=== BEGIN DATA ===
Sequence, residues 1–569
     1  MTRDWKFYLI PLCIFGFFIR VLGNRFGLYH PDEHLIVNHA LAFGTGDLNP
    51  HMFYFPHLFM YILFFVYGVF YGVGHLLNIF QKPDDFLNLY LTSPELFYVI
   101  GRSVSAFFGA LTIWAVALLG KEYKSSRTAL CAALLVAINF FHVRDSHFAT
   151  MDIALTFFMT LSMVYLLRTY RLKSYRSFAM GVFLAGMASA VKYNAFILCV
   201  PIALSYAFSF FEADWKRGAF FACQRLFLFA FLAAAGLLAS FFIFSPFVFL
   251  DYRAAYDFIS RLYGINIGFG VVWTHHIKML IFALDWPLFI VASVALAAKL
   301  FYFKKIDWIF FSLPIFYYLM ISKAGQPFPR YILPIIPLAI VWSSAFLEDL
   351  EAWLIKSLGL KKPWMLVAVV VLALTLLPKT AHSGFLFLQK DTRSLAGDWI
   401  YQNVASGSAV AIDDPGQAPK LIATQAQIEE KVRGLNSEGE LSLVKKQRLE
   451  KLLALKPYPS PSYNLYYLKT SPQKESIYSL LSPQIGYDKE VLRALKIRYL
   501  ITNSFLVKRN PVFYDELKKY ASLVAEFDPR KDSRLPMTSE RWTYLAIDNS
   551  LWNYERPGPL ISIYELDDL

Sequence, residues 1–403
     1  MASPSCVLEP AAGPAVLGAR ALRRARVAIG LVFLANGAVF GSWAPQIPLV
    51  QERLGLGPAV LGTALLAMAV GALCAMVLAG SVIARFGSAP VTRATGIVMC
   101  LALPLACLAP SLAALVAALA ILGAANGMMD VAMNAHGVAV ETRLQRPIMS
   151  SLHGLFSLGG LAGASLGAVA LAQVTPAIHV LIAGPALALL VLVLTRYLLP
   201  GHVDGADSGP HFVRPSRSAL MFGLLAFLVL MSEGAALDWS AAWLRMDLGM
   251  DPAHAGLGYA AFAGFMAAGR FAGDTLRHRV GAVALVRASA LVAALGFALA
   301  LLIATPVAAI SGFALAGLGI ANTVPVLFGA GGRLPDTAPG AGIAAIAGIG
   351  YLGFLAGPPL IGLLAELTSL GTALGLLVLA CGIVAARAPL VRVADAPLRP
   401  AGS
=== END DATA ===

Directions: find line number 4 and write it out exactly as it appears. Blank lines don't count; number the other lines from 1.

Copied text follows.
   101  GRSVSAFFGA LTIWAVALLG KEYKSSRTAL CAALLVAINF FHVRDSHFAT